It may be known as the ‘coolest little capital in the world’, but to me Wellington holds other memories: strong winds and wet days, wild weather and a ship founded on rocks. Wellington was the venue for our annual shopping trip, endured for the promise of a bag of hot chips, their crisp deliciousness warming the endless bleakness as my little legs wearily followed parents’ footsteps. As the Wahine founded on rocks with a loss of 51 lives, we moved to warmer climes: Sydney.
Ironically, Brisbane’s a maelstrom as we fly out; the worst hail storm in fifty years creating havoc with houses and flight schedules! Less than three hours later, darkness envelops us as we trail into a calmer Wellington, landing between the mountains just after the 1am curfew.
We wake to summer heat and dolls house scenery; wooden two-storey houses dotted up hillsides, the harbour stretching out before us marked by inlets and those ‘Wahine’ rocks. Here for the ANZ Symposium of Gastronomy and Food History, for a day we’re let loose upon the town to shop, eat and explore.
I’ve brought a wish list of foods to rediscover: Ginger Crunch (Edmonds Cookbook), L & P, Hokey Pokey ice cream, Real NZ butter, Paua, Whitebait and some great NZ fish!
On the recommendation of a shop owner, we have breakfast at Caffe l’Affare in College Street, a funky mess of a place, founded in 1990. It’s our first glimpse of how Wellington does ‘industrial’ so well! With a Farina roaster in the middle of the restaurant, and stacks of eggs and plates on the counter of the open kitchen, it’s a snapshot of production in motion, fashionably worn and incredibly chic. It’s quirky too, populated by Pinocchios in all sizes and permutations, their existence held together by a tenuous tale that ‘…someone brought one back from Italy once, and they’ve been here ever since…’ Somehow they fit, though, with the earthy, unconventional patrons who populate this place. Already this is a country that we’re falling in love with!
We share Chorizo and roast potatoes with poached eggs and Haloumi bruschetta, hearty dishes for a cool climate. The sun is shining, but it’s still only 17 degrees!
Time to play tourist: a visit to Lambton Quay, (the old foreshore of Wellington, now several hundred metres from the waterline), a spot of shopping in Kirkaldie and Staines (the Harrod’s of Wellington), and a trip on the Wellington Cable Car.
Built from 1899 – 1902 by businessman Martin Kennedy, the cable car provided a novel way to reach the new suburb of Kelburn, 120 metres uphill at its summit. By 1904 a tea house had been built on its summit, now operating as the Kowhai Cafe. With views out over the city, surely we can enjoy a true taste of NZ! Sadly, it’s a tourist place, the ‘ginger shortbread’ sickly sweet, its crystalline topping falling well short of my childhood memories! There’s Feijoa or Hokey Pokey Sorbetto, but after the shortbread, we dare not try!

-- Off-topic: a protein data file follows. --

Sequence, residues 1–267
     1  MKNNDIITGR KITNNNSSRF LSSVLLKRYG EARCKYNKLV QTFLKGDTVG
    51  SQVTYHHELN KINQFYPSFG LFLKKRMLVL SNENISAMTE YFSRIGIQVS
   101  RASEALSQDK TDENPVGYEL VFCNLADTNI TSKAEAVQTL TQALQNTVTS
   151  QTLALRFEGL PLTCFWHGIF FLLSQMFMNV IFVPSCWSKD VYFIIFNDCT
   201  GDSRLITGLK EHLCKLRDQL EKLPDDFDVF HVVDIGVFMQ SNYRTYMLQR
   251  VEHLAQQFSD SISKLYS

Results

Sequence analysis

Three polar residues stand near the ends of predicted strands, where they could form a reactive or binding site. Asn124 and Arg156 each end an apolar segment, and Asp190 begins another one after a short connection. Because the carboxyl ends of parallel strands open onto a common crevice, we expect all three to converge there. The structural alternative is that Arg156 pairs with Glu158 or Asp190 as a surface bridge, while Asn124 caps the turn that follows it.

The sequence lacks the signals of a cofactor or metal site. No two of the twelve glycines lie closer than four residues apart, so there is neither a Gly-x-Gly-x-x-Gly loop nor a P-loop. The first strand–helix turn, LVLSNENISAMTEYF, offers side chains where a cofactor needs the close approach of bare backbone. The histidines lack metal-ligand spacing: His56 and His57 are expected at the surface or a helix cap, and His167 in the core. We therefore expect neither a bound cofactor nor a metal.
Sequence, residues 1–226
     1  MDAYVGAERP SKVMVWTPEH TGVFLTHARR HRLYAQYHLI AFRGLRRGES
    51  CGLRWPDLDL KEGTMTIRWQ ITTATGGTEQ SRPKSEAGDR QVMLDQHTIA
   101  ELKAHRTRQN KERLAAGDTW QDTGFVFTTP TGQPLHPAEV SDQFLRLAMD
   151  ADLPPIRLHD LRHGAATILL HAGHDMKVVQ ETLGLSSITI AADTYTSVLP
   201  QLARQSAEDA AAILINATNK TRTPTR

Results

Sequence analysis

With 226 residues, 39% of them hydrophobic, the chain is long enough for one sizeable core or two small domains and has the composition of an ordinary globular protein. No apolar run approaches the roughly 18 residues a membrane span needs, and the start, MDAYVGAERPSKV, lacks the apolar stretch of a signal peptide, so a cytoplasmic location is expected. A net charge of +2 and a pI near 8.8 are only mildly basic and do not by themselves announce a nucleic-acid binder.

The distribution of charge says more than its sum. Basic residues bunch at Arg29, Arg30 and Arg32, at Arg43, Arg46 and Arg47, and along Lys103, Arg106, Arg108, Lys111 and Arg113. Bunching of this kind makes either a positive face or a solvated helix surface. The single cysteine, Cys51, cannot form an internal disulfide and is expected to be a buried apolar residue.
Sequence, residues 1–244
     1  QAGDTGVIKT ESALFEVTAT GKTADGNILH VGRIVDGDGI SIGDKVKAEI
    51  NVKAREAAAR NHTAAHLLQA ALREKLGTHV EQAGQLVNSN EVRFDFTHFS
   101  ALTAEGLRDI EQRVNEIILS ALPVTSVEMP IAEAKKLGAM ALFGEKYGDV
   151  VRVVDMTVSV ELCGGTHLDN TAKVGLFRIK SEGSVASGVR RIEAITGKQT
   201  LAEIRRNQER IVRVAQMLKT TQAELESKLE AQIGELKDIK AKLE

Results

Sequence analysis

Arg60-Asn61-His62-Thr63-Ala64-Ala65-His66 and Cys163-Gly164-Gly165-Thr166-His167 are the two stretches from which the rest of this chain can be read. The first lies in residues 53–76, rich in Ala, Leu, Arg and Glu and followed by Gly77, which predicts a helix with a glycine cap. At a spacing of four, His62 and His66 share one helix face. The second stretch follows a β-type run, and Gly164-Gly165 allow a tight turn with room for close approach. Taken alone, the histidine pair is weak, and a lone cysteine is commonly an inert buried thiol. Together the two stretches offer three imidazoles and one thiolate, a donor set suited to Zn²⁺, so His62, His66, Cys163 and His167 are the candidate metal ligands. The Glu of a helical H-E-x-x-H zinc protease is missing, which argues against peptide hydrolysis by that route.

Caffe Astoria, 159 Lambton Quay, has been recommended for lunch. A timeless dining room with leather couches and Bentwood chairs, the menu shows an eclectic mix of modern classic cuisine as well as food origins.
We enjoy outstanding House-smoked salmon served over a quinoa, seed, caper, mint and rocket salad with cumin yoghurt (20), and Zahtar chicken escalope with puy lentil, argula, mint, pomegranate and sunflower salad. Service is friendly and efficient, providing a business lunch hour haven for city workers.
We first meet some of our conference group for dinner at Ortega. The restaurant’s name alludes to Hemingway, further reinforced by the illusion of being upside down in the bottom of a boat surrounded by fishing paraphernalia, the great fish peering down on us through the wooden gunnels.
It’s our first taste of exotic NZ seafood, with entrées of richly murky Paua (abalone) ravioli served with crayfish and Pernod butter (22.9), Gin-cured tuna sashimi, and mains of Pan-roasted Gurnard on a rich silky truffle and comté mash served with raw cow’s milk cheese, shitake mushrooms and silverbeet in red wine butter (34.90). Surprising, rich, hypnotic, it’s seafood worth travelling for; an absolute must stop!
Days 2 & 3
‘Fermentation’ (in its various connotations) was the Symposium’s theme. Held at the function room attached to Prefab, a café complex in Jesse Street owned by Jeff Kennedy and his wife Bridget Dunn (former owners of the prosperous Caffe l’Affare and Caffe Astoria), it was fitting that Jeff spoke about the concept of ‘social capital’. He outlined the historical influence of immigrants on New Zealand’s changing culture, noting that food was often the ‘space’ where immigrants could be accepted.
With catering by Prefab, we were treated to hearty breakfasts, house-made bread, interesting salads served with savoury tarts and afternoon tea favourites from Prefab’s renowned bakery: cinnamon pinwheels and New Zealand brioche dough Cream Doughnuts, for which the café is renowned. (They’re NZ’s ‘new cupcake’, and it’s not hard to see why!)
The conference dinner was held at Nikau, the café attached to the city’s art gallery. It’s a chance to taste fermentation in action, in both the pre-dinner drinks (Elderflower kombucha served with a dash of Lighthouse gin and cucumber), as well as throughout the courses.